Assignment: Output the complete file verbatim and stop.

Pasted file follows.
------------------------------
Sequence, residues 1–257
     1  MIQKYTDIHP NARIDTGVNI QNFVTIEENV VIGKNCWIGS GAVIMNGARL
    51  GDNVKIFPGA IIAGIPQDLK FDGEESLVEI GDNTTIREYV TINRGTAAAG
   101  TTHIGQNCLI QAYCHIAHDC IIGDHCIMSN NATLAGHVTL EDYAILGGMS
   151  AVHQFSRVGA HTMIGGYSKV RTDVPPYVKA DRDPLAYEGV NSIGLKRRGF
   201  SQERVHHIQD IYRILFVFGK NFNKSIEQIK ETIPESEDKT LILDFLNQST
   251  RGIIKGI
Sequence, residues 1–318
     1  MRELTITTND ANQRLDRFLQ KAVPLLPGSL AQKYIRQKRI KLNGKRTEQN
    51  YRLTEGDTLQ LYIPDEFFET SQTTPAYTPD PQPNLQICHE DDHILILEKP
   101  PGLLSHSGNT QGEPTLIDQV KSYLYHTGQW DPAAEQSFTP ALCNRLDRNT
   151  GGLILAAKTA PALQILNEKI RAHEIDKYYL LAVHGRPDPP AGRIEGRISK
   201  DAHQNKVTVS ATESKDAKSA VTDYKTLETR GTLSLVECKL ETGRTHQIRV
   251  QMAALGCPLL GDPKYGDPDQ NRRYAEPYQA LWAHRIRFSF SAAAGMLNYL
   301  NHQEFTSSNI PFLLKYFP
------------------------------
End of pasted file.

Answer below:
Sequence, residues 1–257
     1  MIQKYTDIHP NARIDTGVNI QNFVTIEENV VIGKNCWIGS GAVIMNGARL
    51  GDNVKIFPGA IIAGIPQDLK FDGEESLVEI GDNTTIREYV TINRGTAAAG
   101  TTHIGQNCLI QAYCHIAHDC IIGDHCIMSN NATLAGHVTL EDYAILGGMS
   151  AVHQFSRVGA HTMIGGYSKV RTDVPPYVKA DRDPLAYEGV NSIGLKRRGF
   201  SQERVHHIQD IYRILFVFGK NFNKSIEQIK ETIPESEDKT LILDFLNQST
   251  RGIIKGI
Sequence, residues 1–318
     1  MRELTITTND ANQRLDRFLQ KAVPLLPGSL AQKYIRQKRI KLNGKRTEQN
    51  YRLTEGDTLQ LYIPDEFFET SQTTPAYTPD PQPNLQICHE DDHILILEKP
   101  PGLLSHSGNT QGEPTLIDQV KSYLYHTGQW DPAAEQSFTP ALCNRLDRNT
   151  GGLILAAKTA PALQILNEKI RAHEIDKYYL LAVHGRPDPP AGRIEGRISK
   201  DAHQNKVTVS ATESKDAKSA VTDYKTLETR GTLSLVECKL ETGRTHQIRV
   251  QMAALGCPLL GDPKYGDPDQ NRRYAEPYQA LWAHRIRFSF SAAAGMLNYL
   301  NHQEFTSSNI PFLLKYFP